“Hold That Fast Which Thou Hast”

“The end of all things is at hand: be ye therefore sober, and watch unto prayer.” —I Peter 4:7

IT IS a thing which to many may seem strange, yet it is true, that the instructions and exhortations of the Bible are not for the world in general but for a very select class chosen out of the world by the power of God. This may be said with equal truth of the Old as well as of the New Testament: for, while the Jewish nation, to whom the Law and the prophets were first given, were at one time in line to be God’s specially selected and peculiar people, they lost that standing when they rejected Messiah.

Jesus, in mourning over the unbelief of natural Israel, said: “O Jerusalem, Jerusalem, which killest the prophets, and stonest them that are sent unto thee; how often would I have gathered thy children together, as a hen doth gather her brood under her wings, and ye would not! Behold, your house is left unto you desolate.” (Luke 13:34,35) From that time onward, the value to the Israelites of those admonitions of their prophets and teachers which applied to the place of chief favor in the plan of God ceased—they were no longer the specially chosen people of God.

True, the entire Gospel of Jesus Christ, as outlined in the song of the angelic choir at his nativity, was one of good news to all mankind. In Galatians 3:8 Paul tells us that this Gospel was preached beforehand unto Abraham, and the message to him was that all the families of the earth were to be blessed. But while the Bible presents the wide scope of God’s plan to bless all nations, its instructions and admonitions are to those whom he is selecting from the world and preparing to be the channels of his promised blessings. The Scriptures tell us that when the time comes for the world to be enlightened “the Law shall go forth of Zion, and the Word of the Lord from Jerusalem.”—Mic. 4:2

From the days of Abraham unto John, God had dealt with only one selected nation. He gave to that nation a law, by the keeping of which, he said, they could have life: “Keep my statutes, … which if a man do, he shall live in them.” (Lev. 18:5) God also said to them: “If ye will obey my voice indeed, and keep my covenant, then ye shall be a peculiar treasure unto me: … an holy nation.” Of their own free will the nation accepted this agreement. The record reads, “And Moses … called for the elders of the people, and laid before their faces all these words. … And all the people answered together, and said, All that the Lord hath spoken we will do.”—Exod. 19:5-8

There was nothing arbitrary on the part of Jehovah in the selection of Israel to be a peculiar people unto himself. They were under no compulsion to accept God’s offer. Had they refused it, they would have been no worse off than any of the other nations surrounding them. “All that the Lord hath spoken we will do,” they had said, and thereafter God surrounded them with safeguards to give them every opportunity of making good their promise; yet the record of the history of Israel under the Law Covenant is a record of almost unending failure.

Much of the Old Testament is given over to a most revealing exposition of the struggle—for it was a struggle—of these chosen people to keep a law which none but perfect men could have kept. Every year, on the solemn feast of the Day of Atonement, sacrifices were offered which had the effect of cleansing Israel from sin, so that God could continue to deal with them. The Jew did not see, and has not seen to this day, that the impossibility of his ever achieving life through the Law Covenant was epitomized in these atoning sacrifices; for they were to cleanse him ahead of time—for the ensuing year—so that he could have a standing before God. This recognition of the coming need for atonement repeated year by year should have demonstrated to Israel that through a law which embodied such a provision life could not be attained.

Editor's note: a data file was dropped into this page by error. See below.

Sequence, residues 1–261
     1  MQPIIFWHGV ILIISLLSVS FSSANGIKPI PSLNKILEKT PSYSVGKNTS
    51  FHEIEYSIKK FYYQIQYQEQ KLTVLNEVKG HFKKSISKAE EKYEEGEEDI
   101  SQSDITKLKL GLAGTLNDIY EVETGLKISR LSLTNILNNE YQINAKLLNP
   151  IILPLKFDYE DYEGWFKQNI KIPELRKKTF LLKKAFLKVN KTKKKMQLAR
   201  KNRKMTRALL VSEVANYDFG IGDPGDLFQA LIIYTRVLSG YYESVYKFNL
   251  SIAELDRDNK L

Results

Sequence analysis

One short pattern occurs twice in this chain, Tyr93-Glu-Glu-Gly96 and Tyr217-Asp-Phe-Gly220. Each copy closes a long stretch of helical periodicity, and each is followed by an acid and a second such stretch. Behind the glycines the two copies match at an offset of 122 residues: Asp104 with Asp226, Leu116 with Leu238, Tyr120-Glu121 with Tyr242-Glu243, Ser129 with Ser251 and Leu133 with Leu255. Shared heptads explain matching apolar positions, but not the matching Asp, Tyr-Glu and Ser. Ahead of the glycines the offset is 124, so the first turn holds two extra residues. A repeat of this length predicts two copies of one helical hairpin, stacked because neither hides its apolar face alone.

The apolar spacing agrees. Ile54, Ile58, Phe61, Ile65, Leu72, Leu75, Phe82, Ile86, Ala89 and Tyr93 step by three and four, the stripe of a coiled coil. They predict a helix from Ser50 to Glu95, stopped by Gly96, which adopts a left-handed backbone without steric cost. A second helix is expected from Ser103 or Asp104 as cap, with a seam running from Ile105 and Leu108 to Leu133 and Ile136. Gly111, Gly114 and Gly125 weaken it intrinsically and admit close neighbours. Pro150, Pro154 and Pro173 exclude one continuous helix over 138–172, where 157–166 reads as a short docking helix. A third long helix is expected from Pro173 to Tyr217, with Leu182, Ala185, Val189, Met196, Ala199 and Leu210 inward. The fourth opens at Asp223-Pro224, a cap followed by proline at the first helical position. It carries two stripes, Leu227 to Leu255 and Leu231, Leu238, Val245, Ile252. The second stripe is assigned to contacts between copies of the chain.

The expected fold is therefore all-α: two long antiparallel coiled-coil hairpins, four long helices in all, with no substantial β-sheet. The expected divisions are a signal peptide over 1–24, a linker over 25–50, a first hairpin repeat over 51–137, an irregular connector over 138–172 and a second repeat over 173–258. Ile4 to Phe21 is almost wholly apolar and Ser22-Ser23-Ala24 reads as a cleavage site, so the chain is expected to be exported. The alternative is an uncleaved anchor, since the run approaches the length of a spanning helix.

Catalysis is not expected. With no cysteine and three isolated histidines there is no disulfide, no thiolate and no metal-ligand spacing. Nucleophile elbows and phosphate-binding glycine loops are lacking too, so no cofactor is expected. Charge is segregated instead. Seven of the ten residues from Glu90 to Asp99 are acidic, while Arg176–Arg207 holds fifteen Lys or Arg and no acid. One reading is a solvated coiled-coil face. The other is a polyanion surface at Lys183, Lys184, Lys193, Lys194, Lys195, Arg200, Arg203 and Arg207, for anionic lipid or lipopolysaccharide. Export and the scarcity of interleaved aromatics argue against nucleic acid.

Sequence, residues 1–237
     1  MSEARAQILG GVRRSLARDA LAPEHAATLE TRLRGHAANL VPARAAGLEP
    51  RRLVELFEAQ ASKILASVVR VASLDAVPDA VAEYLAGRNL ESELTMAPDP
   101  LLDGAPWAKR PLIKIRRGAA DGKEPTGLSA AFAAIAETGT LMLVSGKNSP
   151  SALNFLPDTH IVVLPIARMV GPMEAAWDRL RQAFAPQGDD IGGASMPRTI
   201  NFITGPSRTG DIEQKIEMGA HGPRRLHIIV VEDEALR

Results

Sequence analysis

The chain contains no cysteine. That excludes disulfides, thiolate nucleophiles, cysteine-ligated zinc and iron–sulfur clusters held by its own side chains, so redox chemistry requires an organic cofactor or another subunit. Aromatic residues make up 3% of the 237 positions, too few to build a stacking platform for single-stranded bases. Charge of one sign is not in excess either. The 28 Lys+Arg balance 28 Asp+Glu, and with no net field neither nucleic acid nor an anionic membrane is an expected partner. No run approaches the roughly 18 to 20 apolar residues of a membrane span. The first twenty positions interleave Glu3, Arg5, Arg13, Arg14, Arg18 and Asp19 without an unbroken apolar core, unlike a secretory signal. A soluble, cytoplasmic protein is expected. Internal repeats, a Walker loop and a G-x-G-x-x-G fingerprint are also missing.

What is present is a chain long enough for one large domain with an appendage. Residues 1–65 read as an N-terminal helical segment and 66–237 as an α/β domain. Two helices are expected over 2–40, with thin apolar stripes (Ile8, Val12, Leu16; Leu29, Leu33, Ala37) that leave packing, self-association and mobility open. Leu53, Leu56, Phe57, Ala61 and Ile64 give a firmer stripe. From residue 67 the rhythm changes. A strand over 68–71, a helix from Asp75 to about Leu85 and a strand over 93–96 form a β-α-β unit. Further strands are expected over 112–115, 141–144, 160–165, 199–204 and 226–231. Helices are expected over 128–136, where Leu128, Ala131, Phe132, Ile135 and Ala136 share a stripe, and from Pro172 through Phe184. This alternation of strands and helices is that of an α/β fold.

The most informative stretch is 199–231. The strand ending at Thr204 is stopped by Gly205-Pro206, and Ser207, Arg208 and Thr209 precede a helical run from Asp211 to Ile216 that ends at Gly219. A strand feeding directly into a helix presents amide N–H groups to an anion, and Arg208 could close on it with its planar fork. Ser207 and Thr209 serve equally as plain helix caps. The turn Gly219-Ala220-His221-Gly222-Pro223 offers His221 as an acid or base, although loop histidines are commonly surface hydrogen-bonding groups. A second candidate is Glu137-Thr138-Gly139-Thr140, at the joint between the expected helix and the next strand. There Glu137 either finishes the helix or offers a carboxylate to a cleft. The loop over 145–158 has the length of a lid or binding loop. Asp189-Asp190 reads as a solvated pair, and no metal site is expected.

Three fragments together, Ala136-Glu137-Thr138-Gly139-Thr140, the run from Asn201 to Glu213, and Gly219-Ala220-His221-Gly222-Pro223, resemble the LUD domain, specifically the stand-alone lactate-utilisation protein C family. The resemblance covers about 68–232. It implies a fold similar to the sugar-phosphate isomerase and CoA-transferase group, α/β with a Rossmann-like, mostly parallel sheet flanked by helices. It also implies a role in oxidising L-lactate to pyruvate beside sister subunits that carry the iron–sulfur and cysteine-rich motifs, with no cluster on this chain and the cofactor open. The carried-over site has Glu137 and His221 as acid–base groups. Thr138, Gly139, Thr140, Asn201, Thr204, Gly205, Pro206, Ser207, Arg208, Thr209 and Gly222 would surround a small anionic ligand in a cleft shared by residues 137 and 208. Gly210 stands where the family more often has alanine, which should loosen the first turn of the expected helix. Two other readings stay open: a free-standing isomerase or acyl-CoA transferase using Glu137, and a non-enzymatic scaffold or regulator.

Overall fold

But more than this, God listened attentively to their complaints and demands and with infinite patience acceded to their continual requests for change. When the twelve tribes became so large in number as to be difficult to supervise, he appointed them judges, so that their lives could be more closely guarded and they could be kept more nearly in touch with the divine requirements.

When they tired of this and asked that a king should be set over them, as was the custom in the surrounding heathen nations, he permitted it, and kings were anointed; but still Israel failed continually to keep the promise. Prophets were sent to them, who warned them and led them back again from their various excursions into idolatry to peace with their God. Chastisements and captivities were permitted to come upon them in punishment for flagrant violations of the requirements of the Law, but all to no avail.

Centuries rolled by, and finally their iniquity came to the full. One last offer was made to turn them from their evil practices to walk in the way of life. God sent his own Son, Jesus of Nazareth, as the promised Messiah. “He came unto his own, and his own received him not.” (John 1:11) He came among them, born under the Law and subject to all its demands, and for three and one-half years preached to them the great Gospel of life through faith and freedom from the bondage of the Law. He came to show them “a new and living way” and brought “life and immortality to light through the Gospel,” and him they crucified!—Heb. 10:20; II Tim. 1:10

Truly, it was a sad day for Israel when he offered himself to them as King and Deliverer, to be hailed joyfully by the multitude and within a short time thereafter, through perjured and suborned witnesses, to be betrayed into the hands of pagan justice and nailed to the cross.

What was his alleged crime? The Jews charged him with blasphemy. Actually, however, hatred of him arose because he had spoken against the sacred traditions of the Jewish religious leaders, whose privileges he threatened and whose hypocrisies he exposed and condemned. “O Jerusalem, Jerusalem, thou that killest the prophets … your house is [indeed] left unto you desolate.” (Matt. 23:37,38) Not all the tears and sighs and lamentations cast against the unyielding stones of the wailing wall by all the generations of Jews since the final dispersion until now can avail one jot to restore to them the great opportunity which they lost. God still loves them and will bless them, but they must await their turn in the outworking of God’s plan before life will be given to them.